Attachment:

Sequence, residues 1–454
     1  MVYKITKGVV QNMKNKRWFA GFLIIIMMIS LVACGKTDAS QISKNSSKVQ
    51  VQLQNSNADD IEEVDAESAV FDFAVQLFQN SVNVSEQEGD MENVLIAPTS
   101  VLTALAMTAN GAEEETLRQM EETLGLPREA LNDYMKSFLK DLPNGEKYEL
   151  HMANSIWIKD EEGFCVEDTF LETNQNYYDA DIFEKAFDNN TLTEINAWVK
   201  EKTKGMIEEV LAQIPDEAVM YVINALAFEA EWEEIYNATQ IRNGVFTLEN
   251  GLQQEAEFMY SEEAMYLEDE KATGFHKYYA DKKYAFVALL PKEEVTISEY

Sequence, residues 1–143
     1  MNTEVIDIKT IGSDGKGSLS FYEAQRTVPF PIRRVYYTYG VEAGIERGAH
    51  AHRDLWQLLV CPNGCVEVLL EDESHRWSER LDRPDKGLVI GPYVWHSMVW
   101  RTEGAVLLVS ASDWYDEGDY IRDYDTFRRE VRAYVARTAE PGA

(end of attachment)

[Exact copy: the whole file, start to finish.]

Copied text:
Sequence, residues 1–454
     1  MVYKITKGVV QNMKNKRWFA GFLIIIMMIS LVACGKTDAS QISKNSSKVQ
    51  VQLQNSNADD IEEVDAESAV FDFAVQLFQN SVNVSEQEGD MENVLIAPTS
   101  VLTALAMTAN GAEEETLRQM EETLGLPREA LNDYMKSFLK DLPNGEKYEL
   151  HMANSIWIKD EEGFCVEDTF LETNQNYYDA DIFEKAFDNN TLTEINAWVK
   201  EKTKGMIEEV LAQIPDEAVM YVINALAFEA EWEEIYNATQ IRNGVFTLEN
   251  GLQQEAEFMY SEEAMYLEDE KATGFHKYYA DKKYAFVALL PKEEVTISEY

Sequence, residues 1–143
     1  MNTEVIDIKT IGSDGKGSLS FYEAQRTVPF PIRRVYYTYG VEAGIERGAH
    51  AHRDLWQLLV CPNGCVEVLL EDESHRWSER LDRPDKGLVI GPYVWHSMVW
   101  RTEGAVLLVS ASDWYDEGDY IRDYDTFRRE VRAYVARTAE PGA